Professor of International Business and Development, Trinity College Dublin
To what extent is Europe the answer to Ireland’s economic problems? The question reminds me of the great anarchist slogan that I used to see painted on London walls: “if society is the answer, you’ve asked the wrong question”. Not many people in Ireland appreciate as yet how much of the current recession is of our own making. Our recession is one of the deepest by far in Europe. It was caused by a series of policy errors, many of which date from Charlie McCreevy’s stint as Minister of Finance, though the political roots of the problem stretch much further back. Business people a few years ago voted McCreevy the best Irish finance minister in history. Few economists would agree.
“When I have the money, I spend it”, McCreevy said; “when I don’t, I don’t.” Spoken like a true accountant! But even the most basic macroeconomics course points out the flaws in this way of thinking. Government fiscal policy should be counter-cyclical. When the private sector economy is in a downturn, the state, if it has the fiscal resources, should use them to offset the recession by increasing spending or reducing taxes. Irish fiscal policy, by contrast, has been pro-cyclical since at least the mid-1960s, and stands out among European countries in this respect.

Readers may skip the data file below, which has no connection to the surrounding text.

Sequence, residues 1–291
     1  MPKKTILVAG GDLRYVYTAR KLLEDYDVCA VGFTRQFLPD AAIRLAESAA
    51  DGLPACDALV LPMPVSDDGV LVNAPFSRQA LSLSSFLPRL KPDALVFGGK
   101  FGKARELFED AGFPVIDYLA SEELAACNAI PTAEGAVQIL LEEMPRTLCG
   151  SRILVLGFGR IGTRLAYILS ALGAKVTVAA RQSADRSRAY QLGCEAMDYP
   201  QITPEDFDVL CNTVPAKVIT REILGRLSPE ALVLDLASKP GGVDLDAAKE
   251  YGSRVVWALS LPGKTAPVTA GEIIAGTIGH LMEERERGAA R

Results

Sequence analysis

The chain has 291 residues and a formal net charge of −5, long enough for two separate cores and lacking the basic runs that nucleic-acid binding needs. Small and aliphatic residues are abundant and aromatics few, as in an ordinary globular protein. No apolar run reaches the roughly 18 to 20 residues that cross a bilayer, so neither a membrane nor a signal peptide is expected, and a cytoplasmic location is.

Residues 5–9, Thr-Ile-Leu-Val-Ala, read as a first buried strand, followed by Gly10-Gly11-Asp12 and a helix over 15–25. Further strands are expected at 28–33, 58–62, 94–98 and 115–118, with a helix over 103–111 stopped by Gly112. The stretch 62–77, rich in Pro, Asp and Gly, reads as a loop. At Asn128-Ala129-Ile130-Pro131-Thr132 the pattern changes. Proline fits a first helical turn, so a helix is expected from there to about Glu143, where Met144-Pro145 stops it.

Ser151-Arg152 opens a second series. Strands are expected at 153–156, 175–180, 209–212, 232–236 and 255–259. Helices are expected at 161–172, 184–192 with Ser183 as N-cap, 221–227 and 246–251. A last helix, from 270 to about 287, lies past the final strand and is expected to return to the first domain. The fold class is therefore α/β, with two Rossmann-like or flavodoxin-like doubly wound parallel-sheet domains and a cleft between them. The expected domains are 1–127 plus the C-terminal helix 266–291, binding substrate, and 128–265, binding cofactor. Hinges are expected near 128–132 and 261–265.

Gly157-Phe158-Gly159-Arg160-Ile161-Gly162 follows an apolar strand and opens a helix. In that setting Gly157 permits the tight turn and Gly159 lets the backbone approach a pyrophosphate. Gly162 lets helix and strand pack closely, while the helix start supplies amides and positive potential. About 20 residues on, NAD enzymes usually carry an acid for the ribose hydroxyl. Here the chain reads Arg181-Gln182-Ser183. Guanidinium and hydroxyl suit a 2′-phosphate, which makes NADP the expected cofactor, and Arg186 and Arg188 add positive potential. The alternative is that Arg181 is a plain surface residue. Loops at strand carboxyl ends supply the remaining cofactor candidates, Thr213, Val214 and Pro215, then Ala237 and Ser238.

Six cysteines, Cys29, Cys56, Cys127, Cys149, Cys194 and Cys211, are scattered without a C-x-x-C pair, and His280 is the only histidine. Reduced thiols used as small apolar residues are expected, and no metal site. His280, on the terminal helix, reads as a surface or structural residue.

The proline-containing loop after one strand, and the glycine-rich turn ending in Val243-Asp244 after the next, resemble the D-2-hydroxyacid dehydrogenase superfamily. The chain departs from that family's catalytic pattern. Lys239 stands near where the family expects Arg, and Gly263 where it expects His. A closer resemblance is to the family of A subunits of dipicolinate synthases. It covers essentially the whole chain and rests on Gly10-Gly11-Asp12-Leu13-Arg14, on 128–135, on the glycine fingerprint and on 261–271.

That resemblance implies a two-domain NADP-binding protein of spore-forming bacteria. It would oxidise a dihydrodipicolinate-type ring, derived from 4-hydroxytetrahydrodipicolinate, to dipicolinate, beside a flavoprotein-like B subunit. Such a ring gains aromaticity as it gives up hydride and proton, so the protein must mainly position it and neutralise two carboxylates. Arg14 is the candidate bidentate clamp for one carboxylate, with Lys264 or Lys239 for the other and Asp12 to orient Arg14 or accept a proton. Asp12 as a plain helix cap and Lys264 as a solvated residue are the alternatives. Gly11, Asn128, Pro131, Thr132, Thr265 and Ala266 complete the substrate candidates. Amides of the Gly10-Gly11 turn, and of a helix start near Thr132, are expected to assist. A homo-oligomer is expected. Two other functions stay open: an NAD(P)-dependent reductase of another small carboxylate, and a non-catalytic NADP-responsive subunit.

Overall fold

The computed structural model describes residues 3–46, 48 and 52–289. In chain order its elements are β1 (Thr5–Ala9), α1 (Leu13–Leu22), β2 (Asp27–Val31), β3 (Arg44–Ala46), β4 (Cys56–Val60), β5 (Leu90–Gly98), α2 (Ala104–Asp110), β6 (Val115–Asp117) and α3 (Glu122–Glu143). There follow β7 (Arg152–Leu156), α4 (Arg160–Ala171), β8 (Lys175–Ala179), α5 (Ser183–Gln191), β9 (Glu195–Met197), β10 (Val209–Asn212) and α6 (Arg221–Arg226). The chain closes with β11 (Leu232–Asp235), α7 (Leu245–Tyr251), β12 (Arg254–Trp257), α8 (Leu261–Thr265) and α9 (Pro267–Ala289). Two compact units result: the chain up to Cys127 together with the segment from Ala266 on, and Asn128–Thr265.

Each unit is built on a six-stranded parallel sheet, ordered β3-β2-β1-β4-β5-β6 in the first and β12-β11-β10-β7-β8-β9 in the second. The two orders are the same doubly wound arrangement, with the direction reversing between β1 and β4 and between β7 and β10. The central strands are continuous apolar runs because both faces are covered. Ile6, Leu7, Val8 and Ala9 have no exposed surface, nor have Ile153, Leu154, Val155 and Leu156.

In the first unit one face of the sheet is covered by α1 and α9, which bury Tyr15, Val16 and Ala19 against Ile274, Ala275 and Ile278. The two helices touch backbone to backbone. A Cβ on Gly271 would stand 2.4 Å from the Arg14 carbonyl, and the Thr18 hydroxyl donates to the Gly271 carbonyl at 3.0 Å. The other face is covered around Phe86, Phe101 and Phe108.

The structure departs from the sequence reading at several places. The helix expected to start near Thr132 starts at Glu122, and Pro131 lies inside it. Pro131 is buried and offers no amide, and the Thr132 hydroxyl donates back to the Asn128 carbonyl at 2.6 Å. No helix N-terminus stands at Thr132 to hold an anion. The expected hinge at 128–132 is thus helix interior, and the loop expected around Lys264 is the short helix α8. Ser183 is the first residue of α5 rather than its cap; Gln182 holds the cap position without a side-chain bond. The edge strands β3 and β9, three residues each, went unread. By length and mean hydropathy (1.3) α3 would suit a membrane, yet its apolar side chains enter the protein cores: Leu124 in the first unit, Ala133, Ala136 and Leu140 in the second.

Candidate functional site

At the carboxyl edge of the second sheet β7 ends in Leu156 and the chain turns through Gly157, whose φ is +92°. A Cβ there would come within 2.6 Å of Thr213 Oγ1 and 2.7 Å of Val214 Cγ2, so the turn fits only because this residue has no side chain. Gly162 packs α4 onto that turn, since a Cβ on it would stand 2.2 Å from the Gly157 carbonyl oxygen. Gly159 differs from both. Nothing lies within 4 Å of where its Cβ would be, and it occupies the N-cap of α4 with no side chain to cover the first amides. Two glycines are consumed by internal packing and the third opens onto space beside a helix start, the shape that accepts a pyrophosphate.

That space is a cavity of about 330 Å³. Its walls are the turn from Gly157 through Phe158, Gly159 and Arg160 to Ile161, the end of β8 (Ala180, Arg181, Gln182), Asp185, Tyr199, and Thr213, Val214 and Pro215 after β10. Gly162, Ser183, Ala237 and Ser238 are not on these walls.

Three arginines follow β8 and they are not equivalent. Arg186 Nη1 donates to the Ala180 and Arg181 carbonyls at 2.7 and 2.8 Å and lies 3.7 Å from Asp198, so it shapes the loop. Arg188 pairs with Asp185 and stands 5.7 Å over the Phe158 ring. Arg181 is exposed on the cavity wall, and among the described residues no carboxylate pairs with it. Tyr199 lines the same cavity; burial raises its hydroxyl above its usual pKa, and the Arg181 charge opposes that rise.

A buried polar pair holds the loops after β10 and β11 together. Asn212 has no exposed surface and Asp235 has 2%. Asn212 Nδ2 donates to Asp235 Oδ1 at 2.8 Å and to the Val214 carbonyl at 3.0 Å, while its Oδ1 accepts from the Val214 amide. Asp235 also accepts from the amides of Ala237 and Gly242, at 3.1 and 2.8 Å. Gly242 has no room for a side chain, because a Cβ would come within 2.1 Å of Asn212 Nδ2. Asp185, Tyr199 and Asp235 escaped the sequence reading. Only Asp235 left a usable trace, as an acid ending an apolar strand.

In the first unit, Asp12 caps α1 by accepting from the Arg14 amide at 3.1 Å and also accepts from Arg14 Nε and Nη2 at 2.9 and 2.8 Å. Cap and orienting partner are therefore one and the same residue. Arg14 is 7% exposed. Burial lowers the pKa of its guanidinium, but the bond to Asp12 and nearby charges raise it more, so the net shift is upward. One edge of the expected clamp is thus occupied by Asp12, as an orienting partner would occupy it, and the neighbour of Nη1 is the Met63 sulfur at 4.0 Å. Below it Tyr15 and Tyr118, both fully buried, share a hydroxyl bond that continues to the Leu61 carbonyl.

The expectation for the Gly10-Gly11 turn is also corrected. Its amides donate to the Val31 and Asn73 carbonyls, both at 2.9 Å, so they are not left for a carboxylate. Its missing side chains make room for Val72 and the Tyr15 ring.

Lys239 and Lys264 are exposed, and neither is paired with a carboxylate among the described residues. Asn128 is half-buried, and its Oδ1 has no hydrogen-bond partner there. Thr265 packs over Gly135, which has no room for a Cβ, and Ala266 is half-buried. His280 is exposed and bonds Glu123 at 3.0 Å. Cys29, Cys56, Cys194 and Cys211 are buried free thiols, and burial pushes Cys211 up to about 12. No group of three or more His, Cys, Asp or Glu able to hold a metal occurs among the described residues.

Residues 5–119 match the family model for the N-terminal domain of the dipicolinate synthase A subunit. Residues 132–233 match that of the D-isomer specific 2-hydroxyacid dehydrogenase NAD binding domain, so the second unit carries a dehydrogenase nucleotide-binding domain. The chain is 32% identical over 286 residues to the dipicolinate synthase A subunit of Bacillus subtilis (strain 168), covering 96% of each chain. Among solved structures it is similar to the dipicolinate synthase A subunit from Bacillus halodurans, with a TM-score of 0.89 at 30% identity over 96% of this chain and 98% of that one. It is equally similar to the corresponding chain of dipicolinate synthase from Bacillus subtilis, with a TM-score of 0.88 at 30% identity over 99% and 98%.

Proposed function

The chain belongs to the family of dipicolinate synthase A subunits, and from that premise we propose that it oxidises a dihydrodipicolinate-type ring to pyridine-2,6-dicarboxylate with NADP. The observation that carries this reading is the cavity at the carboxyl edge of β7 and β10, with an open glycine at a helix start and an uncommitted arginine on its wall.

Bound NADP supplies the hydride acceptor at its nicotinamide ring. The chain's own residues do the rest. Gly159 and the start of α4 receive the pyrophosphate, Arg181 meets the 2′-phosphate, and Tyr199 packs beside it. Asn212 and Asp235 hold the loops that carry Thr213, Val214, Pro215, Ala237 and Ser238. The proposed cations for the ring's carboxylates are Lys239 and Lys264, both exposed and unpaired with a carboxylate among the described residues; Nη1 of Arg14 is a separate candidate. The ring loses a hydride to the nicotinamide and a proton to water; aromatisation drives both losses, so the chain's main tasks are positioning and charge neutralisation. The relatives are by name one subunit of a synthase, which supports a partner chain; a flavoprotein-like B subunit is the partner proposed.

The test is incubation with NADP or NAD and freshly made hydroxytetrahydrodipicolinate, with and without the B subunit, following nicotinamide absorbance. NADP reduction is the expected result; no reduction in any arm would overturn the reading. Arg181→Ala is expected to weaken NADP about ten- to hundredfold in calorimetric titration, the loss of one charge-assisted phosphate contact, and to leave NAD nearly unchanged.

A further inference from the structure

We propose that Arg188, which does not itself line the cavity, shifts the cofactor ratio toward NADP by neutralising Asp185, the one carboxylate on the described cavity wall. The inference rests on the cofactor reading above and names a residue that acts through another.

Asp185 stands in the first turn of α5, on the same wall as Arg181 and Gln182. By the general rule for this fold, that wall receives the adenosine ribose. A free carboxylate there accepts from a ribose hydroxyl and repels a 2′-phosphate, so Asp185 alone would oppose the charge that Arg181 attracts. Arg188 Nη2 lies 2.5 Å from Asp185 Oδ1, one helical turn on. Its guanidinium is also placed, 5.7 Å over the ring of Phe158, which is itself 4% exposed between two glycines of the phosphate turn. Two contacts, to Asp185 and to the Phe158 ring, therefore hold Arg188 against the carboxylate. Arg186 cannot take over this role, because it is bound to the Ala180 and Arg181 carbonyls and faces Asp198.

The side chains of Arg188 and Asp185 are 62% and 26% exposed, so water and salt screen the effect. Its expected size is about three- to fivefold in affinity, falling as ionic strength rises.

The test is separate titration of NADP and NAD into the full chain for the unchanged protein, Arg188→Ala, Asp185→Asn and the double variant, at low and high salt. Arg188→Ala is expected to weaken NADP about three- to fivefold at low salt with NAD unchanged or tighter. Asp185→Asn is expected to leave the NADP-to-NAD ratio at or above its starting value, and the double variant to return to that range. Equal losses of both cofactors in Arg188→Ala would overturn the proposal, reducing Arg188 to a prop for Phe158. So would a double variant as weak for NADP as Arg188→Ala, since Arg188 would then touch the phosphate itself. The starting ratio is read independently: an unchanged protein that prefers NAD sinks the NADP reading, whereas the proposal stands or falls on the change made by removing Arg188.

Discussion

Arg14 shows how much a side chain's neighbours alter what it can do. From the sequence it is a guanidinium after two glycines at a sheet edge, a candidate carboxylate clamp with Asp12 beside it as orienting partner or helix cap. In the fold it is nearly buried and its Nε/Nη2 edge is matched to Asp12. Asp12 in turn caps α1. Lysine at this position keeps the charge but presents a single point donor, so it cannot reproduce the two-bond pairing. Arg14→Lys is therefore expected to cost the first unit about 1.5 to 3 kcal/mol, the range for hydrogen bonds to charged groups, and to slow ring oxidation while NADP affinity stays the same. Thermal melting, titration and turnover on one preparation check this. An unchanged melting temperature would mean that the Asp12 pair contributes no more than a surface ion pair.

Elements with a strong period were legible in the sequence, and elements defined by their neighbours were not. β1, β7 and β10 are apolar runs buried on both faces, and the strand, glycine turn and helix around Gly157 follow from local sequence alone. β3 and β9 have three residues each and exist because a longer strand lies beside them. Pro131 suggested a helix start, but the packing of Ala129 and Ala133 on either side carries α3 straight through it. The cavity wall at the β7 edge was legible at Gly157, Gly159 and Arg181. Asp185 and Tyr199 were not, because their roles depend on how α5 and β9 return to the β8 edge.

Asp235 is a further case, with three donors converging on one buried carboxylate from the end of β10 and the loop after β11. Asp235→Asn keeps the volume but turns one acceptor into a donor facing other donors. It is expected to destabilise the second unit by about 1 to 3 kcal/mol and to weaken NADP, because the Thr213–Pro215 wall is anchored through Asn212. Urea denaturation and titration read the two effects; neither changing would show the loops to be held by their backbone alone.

Irish governments, especially Fianna Fáil-led ones, mishandled the tax revenues that the long economic boom generated. We should have been running much larger budget surpluses in the good times so that we would not now be forced to slash expenditure. The Stability and Growth Pact adopted in 1997 was meant to enforce this outcome. However when Ireland became the first member state to be rebuked by ECOFIN in 2001 for its overly expansionary budget, the Finance Minister strongly rejected the criticism and refused to change course. Indeed the hugely generous SSIA scheme was introduced later that year and the government continued to cut income tax. Such tax reductions had been expansionary in the earlier years of social partnership as they helped to keep the lid on wage demands. As house prices rose and unemployment disappeared and the participation of married women in the labour force reached Continental levels, labour supply became increasingly inelastic and the consequent impact of tax reductions fell on aggregate demand rather than aggregate supply. All of these points were widely recognised within the economics community, as evidenced by a paper that the ESRI’s John Fitzgerald and I published that year, but were of course ignored by government. Fiscal policy continued to be overly expansionary throughout the boom.